What else could be giving senior developers an edge? The data suggests that it’s a head start.
Senior developers have an early start
Most developers in the Netherlands first learned to code before they turned 18, but senior developers are at the forefront of this early start: While 60% of senior developers learned to code before they were 18, only 36% of junior and 50% of intermediate developers started coding that young.
Senior developers are keen to keep their skills sharp
Tech’s fast and dynamism means that senior developers are expected to learn new languages throughout their careers to remain relevant in their industry. Sergii Maliarov, Coding Architect at Cognizant, explained the importance of learning to his career stage:
“It feels like Alice in Wonderland - you need to run as fast as you can, just to stay in place. You have to learn all the time. Every year or two, I see that I’m missing something - that I need to study.”
While developers at all career stages are committed to learning, senior developers face additional challenges:
- They are expected to be specialists in their tech stack and continuously level up, but time spent mastering a language or framework reduces the frequency at which they can explore new technologies and languages.
- They are expected to take on greater responsibilities such as mentoring junior developers and solving challenging technical problems.
- In addition, the technical demands of their roles increase continuously:
“For example, eight years ago, to be a qualified senior developer, you needed a skill set, which is maybe like 50% of the skill sets that you need to have now to be able to answer the questions.“ (Sergii Maliarov)
In spite of these challenges, the data shows that senior developers remain committed to their craft and staying on the cutting edge of their industry. While not all senior developers learn new languages at the same frequency as junior developers, the majority still learns new languages every year:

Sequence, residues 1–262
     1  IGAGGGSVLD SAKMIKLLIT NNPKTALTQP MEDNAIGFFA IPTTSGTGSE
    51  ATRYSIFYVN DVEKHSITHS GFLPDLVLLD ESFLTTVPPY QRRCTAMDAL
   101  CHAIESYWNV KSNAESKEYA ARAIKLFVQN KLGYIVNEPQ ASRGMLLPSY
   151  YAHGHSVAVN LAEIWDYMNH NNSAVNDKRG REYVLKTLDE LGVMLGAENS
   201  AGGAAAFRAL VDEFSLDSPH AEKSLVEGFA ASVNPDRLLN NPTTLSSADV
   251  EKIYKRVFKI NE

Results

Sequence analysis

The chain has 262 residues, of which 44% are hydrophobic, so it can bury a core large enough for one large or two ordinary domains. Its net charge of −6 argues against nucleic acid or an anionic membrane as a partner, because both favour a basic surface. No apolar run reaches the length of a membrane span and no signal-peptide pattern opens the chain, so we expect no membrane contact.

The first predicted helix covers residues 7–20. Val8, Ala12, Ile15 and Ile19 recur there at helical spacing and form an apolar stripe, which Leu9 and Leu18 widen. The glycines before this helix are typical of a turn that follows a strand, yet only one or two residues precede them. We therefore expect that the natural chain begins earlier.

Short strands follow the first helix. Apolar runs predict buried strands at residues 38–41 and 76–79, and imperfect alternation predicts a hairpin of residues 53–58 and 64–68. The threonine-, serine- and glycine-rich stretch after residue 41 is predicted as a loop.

54% of senior developers indicated a desire to learn new languages every year and 39% still indicated that they learn a new language every few years.
More than half of senior developers code as a hobby
The fact that 57% of surveyed developers code as a hobby sets them apart from other professions. It’s hard to imagine lawyers spending their free time pouring over legal theory or accountants using their weekends to study tax reports.
Why do developers code as a hobby? It’s easy to enter a flow state, there’s a clear link between practice and mastery, and it’s rewarding to make cool things that people want to use. Coding is a creative pursuit where developers can test their skills and explore tools they may not get to use in their day-to-day work.
Senior developers are more likely to code beyond the grind of a nine-to-five than junior or intermediate developers: 63% of senior developers indicated that they code as a hobby compared to 50% of intermediate and 38% of junior developers.
The data points to a mindset that sets seniors apart from their junior and intermediate developers: Senior developers are willing to take on responsibility from an early age, and demonstrate a commitment to their craft. They make time to level up even if they can’t learn as frequently as junior developers. Most importantly, senior developers love what they do and their love of coding extends beyond the workday.
Keep in mind
The insights of this article are based on our 2021 State of the Netherlands’ Software Developer Nation Report, and represent the 501 developers who participated in the survey, not the entire industry.
Surveyed developers were asked to select the level of seniority that best describes their role. Some participants may inflate their self-reported seniority. No assumptions are made about differences in skill level between the seniority levels. Additional factors beyond those considered here may also impact self-reported seniority in tech.